guess where i am from

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Project by Earlb posted 02-28-2010 07:37 PM 1946 views 1 time favorited 13 comments Add to Favorites Watch
guess where i am from
guess where i am from No picture No picture No picture No picture No picture
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made this from the same wood as the cross i posted earlier.i have a piece of granite that was given to me by a contractor so i traced it and cut it on the band saw. first time projects and i had to start with milling my own lumber. not recommended for starting out.

-- It is all in your perspective.

13 comments so far

View jim1953's profile


2744 posts in 4895 days

#1 posted 02-28-2010 07:45 PM


-- Jim, Kentucky

View dustyal's profile


1322 posts in 4529 days

#2 posted 02-28-2010 07:46 PM

well, I guess you be from… Australia?

Granite? Seriously is that wood or stone…. like, you can cut granite on a band saw?

Actually, teasing aside, thanks for the idea… my sister is from Texas somewhere around the countries of Dallas, Arlington, Ft Worth, and I should make her something like this…
She was suppose to send some mesquite from down that way but she hasn’t done that, and she had to remove her big pecan trees and I didn’t get any of that wood…

-- Al H. - small shop, small projects...

View CharlieM1958's profile


16292 posts in 5272 days

#3 posted 02-28-2010 08:17 PM

That’s West Louisiana, isn’t it? :-)

-- Charlie M. "Woodworking - patience = firewood"

View Troy's profile


186 posts in 4117 days

#4 posted 02-28-2010 09:24 PM

Charlie may be right, although I thought it was North Mexico

-- Troy Bouffard || Master Sergeant, US Army (Retired) ||

View Walt's profile


30 posts in 4090 days

#5 posted 03-01-2010 12:05 AM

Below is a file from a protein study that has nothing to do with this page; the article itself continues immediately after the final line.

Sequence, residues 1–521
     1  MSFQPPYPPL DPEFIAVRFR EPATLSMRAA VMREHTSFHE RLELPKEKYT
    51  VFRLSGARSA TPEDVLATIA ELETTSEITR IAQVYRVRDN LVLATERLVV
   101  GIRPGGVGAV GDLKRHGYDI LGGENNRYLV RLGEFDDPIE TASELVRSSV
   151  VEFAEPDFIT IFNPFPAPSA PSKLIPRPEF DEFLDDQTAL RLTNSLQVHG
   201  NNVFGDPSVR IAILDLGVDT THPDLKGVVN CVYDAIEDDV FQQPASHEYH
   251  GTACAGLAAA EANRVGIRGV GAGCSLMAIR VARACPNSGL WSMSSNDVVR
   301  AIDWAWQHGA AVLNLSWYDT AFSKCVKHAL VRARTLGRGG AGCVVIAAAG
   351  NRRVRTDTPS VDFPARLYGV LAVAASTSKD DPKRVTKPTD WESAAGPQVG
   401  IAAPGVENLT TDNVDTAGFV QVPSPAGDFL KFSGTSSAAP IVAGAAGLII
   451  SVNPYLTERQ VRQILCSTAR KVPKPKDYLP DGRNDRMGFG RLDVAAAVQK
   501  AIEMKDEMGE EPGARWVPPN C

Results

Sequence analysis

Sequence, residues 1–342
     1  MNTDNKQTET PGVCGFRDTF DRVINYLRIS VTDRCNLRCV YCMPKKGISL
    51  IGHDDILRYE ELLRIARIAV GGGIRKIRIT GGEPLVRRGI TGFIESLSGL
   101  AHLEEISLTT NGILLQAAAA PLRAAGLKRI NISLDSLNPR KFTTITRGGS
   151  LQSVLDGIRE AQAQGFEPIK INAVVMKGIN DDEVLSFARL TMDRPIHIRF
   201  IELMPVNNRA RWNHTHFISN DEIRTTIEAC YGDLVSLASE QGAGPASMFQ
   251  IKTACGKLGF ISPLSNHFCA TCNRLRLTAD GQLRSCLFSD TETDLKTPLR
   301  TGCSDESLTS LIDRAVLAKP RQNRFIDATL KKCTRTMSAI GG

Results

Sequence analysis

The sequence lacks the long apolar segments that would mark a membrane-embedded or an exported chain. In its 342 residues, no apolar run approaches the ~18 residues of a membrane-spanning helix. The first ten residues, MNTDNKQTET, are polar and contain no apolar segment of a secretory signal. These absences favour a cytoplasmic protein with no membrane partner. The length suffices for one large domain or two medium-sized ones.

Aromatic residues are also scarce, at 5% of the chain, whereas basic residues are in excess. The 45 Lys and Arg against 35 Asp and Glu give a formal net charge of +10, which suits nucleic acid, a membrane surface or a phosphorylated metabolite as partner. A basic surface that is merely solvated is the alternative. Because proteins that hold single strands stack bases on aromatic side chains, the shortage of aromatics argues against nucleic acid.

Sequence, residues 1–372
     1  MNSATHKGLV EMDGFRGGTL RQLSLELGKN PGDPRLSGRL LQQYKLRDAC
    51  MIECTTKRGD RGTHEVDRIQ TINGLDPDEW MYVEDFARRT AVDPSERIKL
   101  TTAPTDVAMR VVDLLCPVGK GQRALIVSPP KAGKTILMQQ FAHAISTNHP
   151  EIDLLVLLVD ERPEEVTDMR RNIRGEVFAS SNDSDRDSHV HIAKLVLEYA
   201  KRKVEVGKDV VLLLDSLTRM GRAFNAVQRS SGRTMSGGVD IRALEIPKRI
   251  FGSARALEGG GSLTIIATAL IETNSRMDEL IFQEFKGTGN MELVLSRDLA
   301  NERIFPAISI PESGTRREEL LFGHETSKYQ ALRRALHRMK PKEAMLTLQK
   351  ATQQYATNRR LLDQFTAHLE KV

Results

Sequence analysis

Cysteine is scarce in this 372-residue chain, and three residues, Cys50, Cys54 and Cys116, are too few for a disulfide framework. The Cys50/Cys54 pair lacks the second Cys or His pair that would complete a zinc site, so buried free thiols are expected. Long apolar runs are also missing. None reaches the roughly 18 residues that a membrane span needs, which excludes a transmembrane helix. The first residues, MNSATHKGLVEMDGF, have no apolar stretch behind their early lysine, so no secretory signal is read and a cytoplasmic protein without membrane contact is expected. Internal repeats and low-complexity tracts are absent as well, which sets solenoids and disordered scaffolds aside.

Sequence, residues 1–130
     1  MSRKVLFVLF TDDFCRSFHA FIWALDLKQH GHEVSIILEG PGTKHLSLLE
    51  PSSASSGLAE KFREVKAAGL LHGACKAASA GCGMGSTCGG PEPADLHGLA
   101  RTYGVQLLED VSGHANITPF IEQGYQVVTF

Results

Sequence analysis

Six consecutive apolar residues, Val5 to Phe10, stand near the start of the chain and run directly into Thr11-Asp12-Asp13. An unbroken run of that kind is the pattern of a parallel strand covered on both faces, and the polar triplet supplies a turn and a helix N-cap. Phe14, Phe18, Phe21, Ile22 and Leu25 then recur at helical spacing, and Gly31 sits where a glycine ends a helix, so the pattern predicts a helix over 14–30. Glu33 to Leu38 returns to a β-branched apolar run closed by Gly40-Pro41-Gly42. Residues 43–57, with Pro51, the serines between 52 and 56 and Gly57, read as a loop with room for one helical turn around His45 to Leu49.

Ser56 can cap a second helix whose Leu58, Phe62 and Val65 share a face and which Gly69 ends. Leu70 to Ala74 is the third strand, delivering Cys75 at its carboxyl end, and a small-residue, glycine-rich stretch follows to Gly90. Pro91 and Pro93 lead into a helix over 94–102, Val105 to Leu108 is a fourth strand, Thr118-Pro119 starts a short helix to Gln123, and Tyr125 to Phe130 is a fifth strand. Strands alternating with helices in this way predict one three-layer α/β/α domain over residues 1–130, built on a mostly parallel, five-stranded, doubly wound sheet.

I know, New York City.

-- Walt, Ohio

View patron's profile


13717 posts in 4395 days

#6 posted 03-01-2010 12:12 AM

rhode island ?

welcome to LJ,s !

-- david - only thru kindness can this world be whole . If we don't succeed we run the risk of failure. Dan Quayle

View mtkate's profile


2049 posts in 4379 days

#7 posted 03-01-2010 12:12 AM

Is that Alaska with a piece cut out of it?

View Jordan's profile


1400 posts in 4178 days

#8 posted 03-01-2010 03:28 AM

View WayneC's profile


14359 posts in 5151 days

#9 posted 03-01-2010 03:38 AM

Perhaps Tennessee depending on the number of ex’es.

-- We must guard our enthusiasm as we would our life - James Krenov

View SawDustnSplinters's profile


321 posts in 4835 days

#10 posted 03-01-2010 08:09 AM


-- Frank, Dallas,TX , , “I have a REALLY BIG chainsaw”

View a1Jim's profile


118161 posts in 4631 days

#11 posted 03-01-2010 08:29 AM

View woodworm's profile


14477 posts in 4644 days

#12 posted 03-01-2010 09:10 AM

Texas, New Zweland.

-- masrol, kuala lumpur, MY.

View PineInTheAsh's profile


404 posts in 4321 days

#13 posted 03-01-2010 11:52 AM

This is fantastic. Earlb has done a great job!
Don’t know how many of you realize it but this is another one of the wonderful LJ experiences.
Thank you, thank you all.
Yes, the guessing and jokes were made about “where i am from.”
All in fun, we enjoyed it. This is what one member was prompted to say “crap, this is serious stuff!”

Although, this will not be for everyone so please bear with it. It takes time and a certain effort.

If you enlarge the picture 5x, no more, no less, it will be grainy but you will have to work with it. Keep in mind at extreme blow-ups computer pixels spread so far apart as to render any image virtually impossible to create a visual we can comfortably digest. That’s why it takes time, and that’s why you have to be careful.

Now, with the enlarged image, carefully turn it precisely upside-down. A drawn line with an accurate square can be very helpful. The pronounced long horizontital grain in the picture (that would have been left to right in the original upright position is now right to left.) Very roughly, this line now ends what would be some 618 miles north of Waco, Texas. (Very roughly).

With a real time map of the great state of Texas (as a history buff still amazed at quite a coup for a still young US in 1845, heh? not to mention the measly 7-million-buck swipe of Alaska) take a ruler and draw a horizontal and an exact 90-degree vertical line. The more accurate your instruments, the better.

Now, divide into fours and give the resultant map one-quarter turn to the right.
No more, no less. Now, what do you see?
Yes, I know, it is stunning; shocking. But please do not reveal it to other members.
We all owe a great debt to earlb—remember to read his entire post. Again, his entire post.

It takes time to fully grasp this submission. About one month from today it may crystalize.

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